As explained earlier, we have used our assessment data primarily to drive a robust feedback loop process so that assessment data lead to improvements in curricula and instruction. Our approach has led to a planning grant from the Teagle Foundation (jointly with Gonzaga University) in which we are attempting to use embedded reflection assignments to assess the impact of our Catholic/Jesuit mission on students’ commitment to social and environmental justice in a broad multicultural context.
In terms of accreditation, we have yet to test this approach to assessment in a full-blown accreditation review. We are confident, however, that our approach—despite its lack of psychometric benchmark data—will meet with approval.
Our basic approach to assessment of writing in the majors requires minimal resources or faculty time. We ask departments to spend one department meeting per year discussing the results of an embedded assignment project. Because the project itself uses an assignment already embedded in an instructor’s class, the instructor’s “extra time” consists of creating a rubric (although many instructors already use well-designed rubrics), analyzing the rubric data for patterns of strengths and weaknesses, and preparing a short report for the department. What often requires extra time and resources is the feedback loop if the department wants to make significant changes in curricula or instruction. But this kind of work is already embedded in the everyday lives of professors with strong commitment to students and to teaching. In the early days of our assessment initiatives, some departments received inhouse grants to fund departmental projects—mostly used to provide food for meetings or stipends for a short summer workshop. But in general, this process can proceed without additional funding. (In contrast to our methods for assessing writing in the majors, our mid-career writing assessment, mentioned earlier, has required considerable university resources for administering the impromptu essay and for paying readers for attending norming sessions and doing the scoring.)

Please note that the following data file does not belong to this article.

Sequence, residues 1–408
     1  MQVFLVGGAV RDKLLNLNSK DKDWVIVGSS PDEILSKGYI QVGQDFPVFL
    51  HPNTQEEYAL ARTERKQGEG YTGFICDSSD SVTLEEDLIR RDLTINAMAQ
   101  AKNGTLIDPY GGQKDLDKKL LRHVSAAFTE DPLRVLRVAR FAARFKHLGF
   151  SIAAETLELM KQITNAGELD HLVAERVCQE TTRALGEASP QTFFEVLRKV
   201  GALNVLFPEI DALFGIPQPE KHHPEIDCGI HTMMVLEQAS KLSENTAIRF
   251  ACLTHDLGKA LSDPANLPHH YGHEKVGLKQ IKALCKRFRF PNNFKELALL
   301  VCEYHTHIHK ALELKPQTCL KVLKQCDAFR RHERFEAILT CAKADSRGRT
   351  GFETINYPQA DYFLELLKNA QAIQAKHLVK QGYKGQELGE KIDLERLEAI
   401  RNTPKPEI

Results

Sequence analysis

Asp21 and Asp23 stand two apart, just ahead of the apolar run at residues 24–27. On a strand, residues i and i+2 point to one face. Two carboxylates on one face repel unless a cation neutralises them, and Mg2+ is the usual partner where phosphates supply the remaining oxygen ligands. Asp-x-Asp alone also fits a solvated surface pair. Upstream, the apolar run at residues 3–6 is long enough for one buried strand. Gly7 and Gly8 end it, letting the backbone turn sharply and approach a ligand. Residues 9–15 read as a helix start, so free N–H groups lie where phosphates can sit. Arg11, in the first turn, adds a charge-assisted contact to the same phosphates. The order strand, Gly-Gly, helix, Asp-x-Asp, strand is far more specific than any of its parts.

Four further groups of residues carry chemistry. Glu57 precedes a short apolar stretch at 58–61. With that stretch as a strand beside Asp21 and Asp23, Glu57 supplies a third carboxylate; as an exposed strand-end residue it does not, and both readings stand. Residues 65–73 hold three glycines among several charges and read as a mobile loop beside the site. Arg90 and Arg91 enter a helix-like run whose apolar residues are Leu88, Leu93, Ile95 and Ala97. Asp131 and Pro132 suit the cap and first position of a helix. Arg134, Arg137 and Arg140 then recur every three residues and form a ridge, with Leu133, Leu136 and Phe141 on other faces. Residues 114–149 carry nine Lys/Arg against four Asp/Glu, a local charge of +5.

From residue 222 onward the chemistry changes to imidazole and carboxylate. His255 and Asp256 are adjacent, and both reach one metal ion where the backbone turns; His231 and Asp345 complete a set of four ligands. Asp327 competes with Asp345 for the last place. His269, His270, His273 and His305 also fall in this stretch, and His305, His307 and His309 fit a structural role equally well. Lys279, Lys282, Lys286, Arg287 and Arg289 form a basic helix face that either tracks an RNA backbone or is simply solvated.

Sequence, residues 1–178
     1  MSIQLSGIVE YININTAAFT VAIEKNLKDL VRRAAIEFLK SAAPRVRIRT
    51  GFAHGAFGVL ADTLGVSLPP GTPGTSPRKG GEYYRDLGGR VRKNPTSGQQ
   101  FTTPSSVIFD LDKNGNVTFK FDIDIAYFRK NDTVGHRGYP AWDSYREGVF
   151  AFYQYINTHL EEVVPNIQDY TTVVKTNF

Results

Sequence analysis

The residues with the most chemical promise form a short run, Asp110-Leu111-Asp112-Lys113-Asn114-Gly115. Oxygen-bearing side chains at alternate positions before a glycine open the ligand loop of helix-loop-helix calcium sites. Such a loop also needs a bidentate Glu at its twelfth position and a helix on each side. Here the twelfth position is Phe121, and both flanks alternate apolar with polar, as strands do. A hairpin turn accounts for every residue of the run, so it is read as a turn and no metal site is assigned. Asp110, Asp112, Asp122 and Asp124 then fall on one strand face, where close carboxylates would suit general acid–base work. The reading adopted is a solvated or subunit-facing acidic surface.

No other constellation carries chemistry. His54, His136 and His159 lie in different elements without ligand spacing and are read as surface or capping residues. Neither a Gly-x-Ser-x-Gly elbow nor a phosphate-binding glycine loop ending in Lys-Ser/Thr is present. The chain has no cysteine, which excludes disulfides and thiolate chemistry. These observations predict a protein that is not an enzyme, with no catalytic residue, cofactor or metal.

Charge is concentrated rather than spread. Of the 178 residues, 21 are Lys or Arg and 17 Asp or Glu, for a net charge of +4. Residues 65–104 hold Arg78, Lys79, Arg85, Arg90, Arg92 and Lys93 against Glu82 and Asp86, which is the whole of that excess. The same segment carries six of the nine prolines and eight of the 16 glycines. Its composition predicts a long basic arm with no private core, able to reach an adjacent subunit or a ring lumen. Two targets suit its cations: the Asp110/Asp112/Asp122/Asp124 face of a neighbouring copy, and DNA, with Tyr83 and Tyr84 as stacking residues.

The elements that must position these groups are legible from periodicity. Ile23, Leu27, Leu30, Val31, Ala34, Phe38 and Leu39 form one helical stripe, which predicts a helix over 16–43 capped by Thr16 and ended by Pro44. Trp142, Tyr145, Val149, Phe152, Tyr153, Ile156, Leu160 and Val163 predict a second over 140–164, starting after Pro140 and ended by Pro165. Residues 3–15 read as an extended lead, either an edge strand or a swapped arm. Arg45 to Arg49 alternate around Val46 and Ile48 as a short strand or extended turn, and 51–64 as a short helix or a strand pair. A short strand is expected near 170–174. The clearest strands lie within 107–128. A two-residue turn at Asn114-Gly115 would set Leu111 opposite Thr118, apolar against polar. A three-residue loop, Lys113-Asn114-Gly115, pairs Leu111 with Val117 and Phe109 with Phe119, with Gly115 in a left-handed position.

The embedded assignment approach seems easy to adapt to any setting, as has been shown by Walvoord and her colleagues in their influential publications. In fact, what hinders the embedded assignment approach, ironically enough, is faculty belief that authentic assessment needs to involve more work.References
Bean, John C., David Carrithers, and Theresa Earenfight. “How University Outcomes Assessment Has Revitalized Writing-Across-the-Curriculum at Seattle University.” WAC Journal: Writing Across the Curriculum 16 (2005): 5–21.
Bean, John C., and Nalini Iyer. “‘I Couldn’t Find an Article That Answered My Question’: Teaching the Construction of Meaning in Undergraduate Literary Research.” Teaching Literary Research. Ed. Steven R. Harris and Kathy Johnson. New York: American Library Association [forthcoming].
Carrithers, David, and John C. Bean. “Using a Client Memo to Assess Critical Thinking of Finance Majors.” Business Communication Quarterly [in press].
Carrithers, David, Teresa Ling, and John C. Bean. “Messy Problems and Lay Audiences: Teaching Critical Thinking within the Finance Curriculum.” Business Communication Quarterly [forthcoming].
Carter, Michael. “Ways of Knowing, Doing, and Writing in the Disciplines.” College Composition and Communication 58.3 (2007): 385–418.
MacDonald, Susan Peck. Professional Writing in the Humanities and Social Sciences. Carbondale: Southern Illinois UP, 1994.
Walvoord, Barabara. Assessment Clear and Simple: A Practical Guide for Institutions, Departments, and General Education. San Francisco: Jossey-Bass, 2004
Walvoord, Barbara, and Virginia Anderson. Effective Grading: A Tool for Learning and Assessment. San Francisco: Jossey-Bass, 1998.